Grammar Guide
Verbs
The Perfect Aspect

The Perfect Aspect

Quick Answer

The perfect aspect (el aspecto perfectivo ) is one of the grammatical aspects in Spanish. It is often used to talk about actions that are perceived as being finished or completed.

What is a "verbal aspect" anyway?

A verbal aspect gives information about the internal structure of events. It helps us to understand when an event begins, ends, or repeats itself. A verbal aspect affects the relative timing of an action, but it does not affect the time that the action is perceived to be completed; that is determined by the verbal tenses. For example, both of the examples below use the verbal tense that we call the past tense, but the first example expresses the perfect aspect while the second example expresses the imperfect aspect.

Había ido a la tienda.
I had gone to the store.
 
Iba a la tienda.
I was going to the store.
 

The first example presents the action of the speaker as being completed while the second example presents the action of the speaker as occurring over time.

The Simple Perfect Tenses

Three of the most common perfect verbal tenses in English are el pretérito perfecto compuesto  (the present perfect), el pretérito pluscuamperfecto  (the past perfect), and el futuro compuesto  (the future perfect). Let's take a look at how to form each one of these perfect tenses.

The Present Perfect

El pretérito perfecto compuesto, or the present perfect in English, is used to talk about actions that started in the past and continue into the present, and can include actions that began early in life all the way up to the recent past. This tense is formed with the verb haber  (to have) in the present plus a past participle (participio ).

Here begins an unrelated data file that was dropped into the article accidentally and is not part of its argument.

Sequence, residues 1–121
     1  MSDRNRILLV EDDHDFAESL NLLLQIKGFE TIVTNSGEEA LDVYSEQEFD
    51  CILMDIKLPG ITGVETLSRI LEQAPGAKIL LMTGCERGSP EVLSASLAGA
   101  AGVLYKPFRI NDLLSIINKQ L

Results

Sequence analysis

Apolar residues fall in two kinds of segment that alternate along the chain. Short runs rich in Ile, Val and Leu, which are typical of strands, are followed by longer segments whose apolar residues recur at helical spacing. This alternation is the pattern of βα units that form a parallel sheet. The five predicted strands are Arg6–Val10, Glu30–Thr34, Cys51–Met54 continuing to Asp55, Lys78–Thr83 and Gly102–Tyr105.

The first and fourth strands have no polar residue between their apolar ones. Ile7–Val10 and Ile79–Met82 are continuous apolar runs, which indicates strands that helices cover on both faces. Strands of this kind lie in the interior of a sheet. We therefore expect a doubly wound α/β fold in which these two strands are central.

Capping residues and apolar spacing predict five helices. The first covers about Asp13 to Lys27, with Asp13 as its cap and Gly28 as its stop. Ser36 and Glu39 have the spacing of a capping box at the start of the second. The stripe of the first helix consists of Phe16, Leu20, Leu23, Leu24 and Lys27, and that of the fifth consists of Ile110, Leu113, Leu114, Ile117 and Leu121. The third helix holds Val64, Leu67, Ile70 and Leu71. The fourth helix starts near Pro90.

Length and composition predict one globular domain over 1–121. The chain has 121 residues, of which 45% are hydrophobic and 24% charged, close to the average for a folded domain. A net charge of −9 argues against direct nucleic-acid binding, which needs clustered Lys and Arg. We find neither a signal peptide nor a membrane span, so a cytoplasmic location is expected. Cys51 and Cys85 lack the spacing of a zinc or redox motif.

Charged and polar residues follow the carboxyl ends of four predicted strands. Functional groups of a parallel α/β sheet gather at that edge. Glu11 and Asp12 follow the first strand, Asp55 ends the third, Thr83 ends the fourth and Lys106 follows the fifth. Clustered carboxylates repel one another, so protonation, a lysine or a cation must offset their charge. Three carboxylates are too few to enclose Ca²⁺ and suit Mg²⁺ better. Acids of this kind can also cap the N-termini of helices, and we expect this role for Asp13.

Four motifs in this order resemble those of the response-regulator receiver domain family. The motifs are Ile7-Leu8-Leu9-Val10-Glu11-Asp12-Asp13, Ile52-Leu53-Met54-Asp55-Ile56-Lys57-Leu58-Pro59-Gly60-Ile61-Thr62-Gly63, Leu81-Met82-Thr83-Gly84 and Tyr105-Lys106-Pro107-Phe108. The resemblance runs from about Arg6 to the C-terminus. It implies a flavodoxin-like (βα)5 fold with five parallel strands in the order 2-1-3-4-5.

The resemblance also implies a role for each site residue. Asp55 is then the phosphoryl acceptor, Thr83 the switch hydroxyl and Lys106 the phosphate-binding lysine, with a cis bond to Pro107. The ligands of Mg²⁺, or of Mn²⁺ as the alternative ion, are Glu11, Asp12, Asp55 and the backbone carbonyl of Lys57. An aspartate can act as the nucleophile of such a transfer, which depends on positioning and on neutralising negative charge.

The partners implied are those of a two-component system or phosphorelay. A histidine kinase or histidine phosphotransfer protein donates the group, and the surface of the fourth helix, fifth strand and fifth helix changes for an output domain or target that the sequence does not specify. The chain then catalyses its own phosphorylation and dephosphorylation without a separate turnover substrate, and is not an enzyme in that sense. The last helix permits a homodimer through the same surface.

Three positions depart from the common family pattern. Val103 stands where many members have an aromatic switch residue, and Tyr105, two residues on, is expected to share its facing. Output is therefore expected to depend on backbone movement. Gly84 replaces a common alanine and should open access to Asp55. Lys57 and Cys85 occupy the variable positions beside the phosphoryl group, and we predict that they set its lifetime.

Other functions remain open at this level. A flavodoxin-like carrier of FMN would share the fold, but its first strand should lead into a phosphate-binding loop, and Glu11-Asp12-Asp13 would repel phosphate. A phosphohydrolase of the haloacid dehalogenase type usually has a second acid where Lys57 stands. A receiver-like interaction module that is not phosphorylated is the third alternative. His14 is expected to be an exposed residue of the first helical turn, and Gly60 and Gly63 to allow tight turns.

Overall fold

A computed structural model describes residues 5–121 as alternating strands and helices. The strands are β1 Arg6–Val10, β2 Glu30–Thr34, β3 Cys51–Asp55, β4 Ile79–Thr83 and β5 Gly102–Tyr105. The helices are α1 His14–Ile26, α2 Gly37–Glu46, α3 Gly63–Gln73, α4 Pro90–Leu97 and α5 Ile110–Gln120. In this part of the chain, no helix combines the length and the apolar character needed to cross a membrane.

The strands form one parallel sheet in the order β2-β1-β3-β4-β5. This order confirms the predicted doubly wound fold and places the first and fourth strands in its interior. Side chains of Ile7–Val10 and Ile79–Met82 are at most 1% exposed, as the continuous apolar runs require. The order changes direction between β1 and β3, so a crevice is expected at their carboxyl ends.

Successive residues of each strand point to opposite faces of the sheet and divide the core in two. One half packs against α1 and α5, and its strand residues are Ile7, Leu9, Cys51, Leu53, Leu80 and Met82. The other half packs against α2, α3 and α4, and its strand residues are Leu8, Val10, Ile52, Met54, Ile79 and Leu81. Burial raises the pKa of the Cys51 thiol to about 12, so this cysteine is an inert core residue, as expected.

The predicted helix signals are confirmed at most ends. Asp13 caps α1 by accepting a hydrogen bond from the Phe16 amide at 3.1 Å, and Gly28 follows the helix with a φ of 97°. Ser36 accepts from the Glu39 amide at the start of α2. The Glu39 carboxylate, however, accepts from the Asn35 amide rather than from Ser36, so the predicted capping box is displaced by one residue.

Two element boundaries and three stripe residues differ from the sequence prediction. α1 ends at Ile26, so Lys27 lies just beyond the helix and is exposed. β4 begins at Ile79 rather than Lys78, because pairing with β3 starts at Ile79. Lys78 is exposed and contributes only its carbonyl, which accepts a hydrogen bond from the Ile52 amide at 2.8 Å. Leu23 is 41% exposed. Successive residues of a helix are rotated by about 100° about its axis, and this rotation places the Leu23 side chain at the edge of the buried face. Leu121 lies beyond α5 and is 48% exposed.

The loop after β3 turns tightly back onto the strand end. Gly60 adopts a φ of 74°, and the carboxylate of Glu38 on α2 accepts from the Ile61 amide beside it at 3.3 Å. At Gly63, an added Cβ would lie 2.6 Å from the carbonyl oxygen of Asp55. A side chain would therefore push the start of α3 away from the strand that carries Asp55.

Present Perfect Formula:

haber in the present + past participle

Let's take a look at some examples that use el pretérito perfecto compuesto.

He leído ese libro.
I have read that book.
 
Has gastado mucho dinero este mes.
You have spent a lot of money this month.
 

Want to learn more? Check out our article about the the present perfect.


The Past Perfect

Also called el pretérito anterior  (the past perfect in English), this tense is used to talk about actions that took place before another past action. It is formed with the verb haber in the past plus a past participle.

Past Perfect Formula:

haber in the past + past participle

Lo había visto antes.
I had seen him before.
 
Ya habíamos comido.
We had already eaten.
 

Let's take a look at some examples that use el pretérito pluscuamperfecto.

Want to learn more? Check out our article about the the past perfect.


The Future Perfect

El futuro compuesto, or the future perfect in English, is used to talk about an action that will have occurred in the future. It is formed with the verb haber in the future simple plus a past participle.

Future Perfect Formula:

haber in the future simple + past participle

Let's take a look at some examples that use el futuro compuesto.

Habré acabado con mi proyecto.
I will have finished with my project.
 
Habrán obtenido permiso.
They will have gotten permission.
 

Want to learn more? Check out our article about the the future perfect.

The Subjunctive Perfect Tenses

That's right. In Spanish, conditions for using perfect tenses and for using the subjunctive mood can overlap. When this is the case, we use the subjunctive perfect tenses. The subjunctive verbal tenses are el pretérito perfecto de subjuntivo  (the present perfect subjunctive), el pluscuamperfecto de subjuntivo  (the past perfect subjunctive), and el futuro compuesto del subjuntivo  (the future perfect subjunctive). Let's take a look at how these tenses are used.